Learning from Participating

I have just completed a two-week intensive French course. Since in my professional life I sometimes deliver courses, I was keenly aware of the experience of being a participant. This post records my observations from this standpoint.

Learning is not the same as consulting

Pretty obvious? No. As a consultant, I’m given a problem, once, and I solve it, once. In my business life we gain understanding, we take action, we move on. In the French class, we gain understanding, and then we take the same action again and again, dozens of times, until it becomes innate. This is the learning process. It’s not the same as consulting.

Je t’appelle un taxi pour midi? Oui, appelles-en-moi un. Je te raconte ma journée perdue dans les transports? Oui, raconte-la-moi.  …and dozens of similar examples on double pronouns…

Repeat dozens of times…

As a participant, this takes a lot of self discipline. It’s not enough just to have it explained to you, then do it once. All that about “I experience and I remember” is not in fact true. I have to experience it dozens of times before I remember. In particular it’s not enough just to understand the logic. You can be perfectly familiar with the rule for the order of pronouns, but then, in the moment, coming out with “Je leur en ai parlé” (= “I talked to them about it”) is quite a different matter .

Repetition is a feature of learning. It’s not enough to do it just once.

Small differences in level of knowledge are magnified in the classroom

It is a huge effort of will to stay present and concentrate when I think I already know what is being taught. We spend 20 minutes going through vocabulary I know. I have to apply all my self-discipline to keep listening and to stop myself reaching for the iPhone. After all, it’s a good idea to rehearse and remember things I already know – see above. However this takes effort. And this is a small class of 4 people.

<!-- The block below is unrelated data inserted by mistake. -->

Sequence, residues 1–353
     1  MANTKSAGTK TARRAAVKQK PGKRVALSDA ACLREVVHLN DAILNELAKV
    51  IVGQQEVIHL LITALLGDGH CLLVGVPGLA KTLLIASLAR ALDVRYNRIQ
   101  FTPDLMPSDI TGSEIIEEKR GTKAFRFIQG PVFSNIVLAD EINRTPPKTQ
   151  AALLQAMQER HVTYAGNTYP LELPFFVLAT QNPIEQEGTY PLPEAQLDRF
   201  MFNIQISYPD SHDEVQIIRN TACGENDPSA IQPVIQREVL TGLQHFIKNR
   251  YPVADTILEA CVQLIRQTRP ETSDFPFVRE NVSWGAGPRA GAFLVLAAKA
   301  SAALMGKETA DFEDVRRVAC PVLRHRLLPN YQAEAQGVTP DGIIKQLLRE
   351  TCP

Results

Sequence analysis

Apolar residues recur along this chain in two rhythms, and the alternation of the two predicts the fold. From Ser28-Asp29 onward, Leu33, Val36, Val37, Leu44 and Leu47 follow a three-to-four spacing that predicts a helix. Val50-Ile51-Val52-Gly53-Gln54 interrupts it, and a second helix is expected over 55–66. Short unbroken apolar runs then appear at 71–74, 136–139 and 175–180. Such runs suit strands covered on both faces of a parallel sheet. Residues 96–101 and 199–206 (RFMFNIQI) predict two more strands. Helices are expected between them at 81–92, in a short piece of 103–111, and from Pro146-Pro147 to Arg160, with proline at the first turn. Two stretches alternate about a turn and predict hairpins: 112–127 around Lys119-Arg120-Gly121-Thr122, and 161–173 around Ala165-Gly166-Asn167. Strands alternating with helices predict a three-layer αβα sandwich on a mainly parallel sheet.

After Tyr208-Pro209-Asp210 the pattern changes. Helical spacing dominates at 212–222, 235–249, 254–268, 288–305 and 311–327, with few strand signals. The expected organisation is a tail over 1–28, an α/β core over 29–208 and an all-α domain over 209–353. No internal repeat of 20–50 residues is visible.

In the larger classes we typically use for business professional development, there are bound to be many occasions when we are telling a proportion of the class things they already know. So it’s up to us as facilitators and course leaders to keep participants engaged and to offer something to maintain the interest of people at all levels. Also we must be realistic and know that we cannot deliver new news to all the people all the time.

Small differences in participants’ backgrounds become evident and irksome

Some of my fellow participants were from the fashion industry – they have a need for a whole set of vocabulary of no interest to me. Some of my fellow participants are from Asia. English is their second language. So their points of reference are quite different from mine: words whose meaning is evident to a native English-speaker are quite strange for them.

A native English speaker could probably guess that “vexé” meant vexed or that “j’ai tendance à…” meant “I have a tendency to…” but that’s not so clear if your English vocabulary is limited.

So I need to make allowances, be generous, and remain aware that I too have my peculiarities and gaps in my knowledge. This takes humility and effort.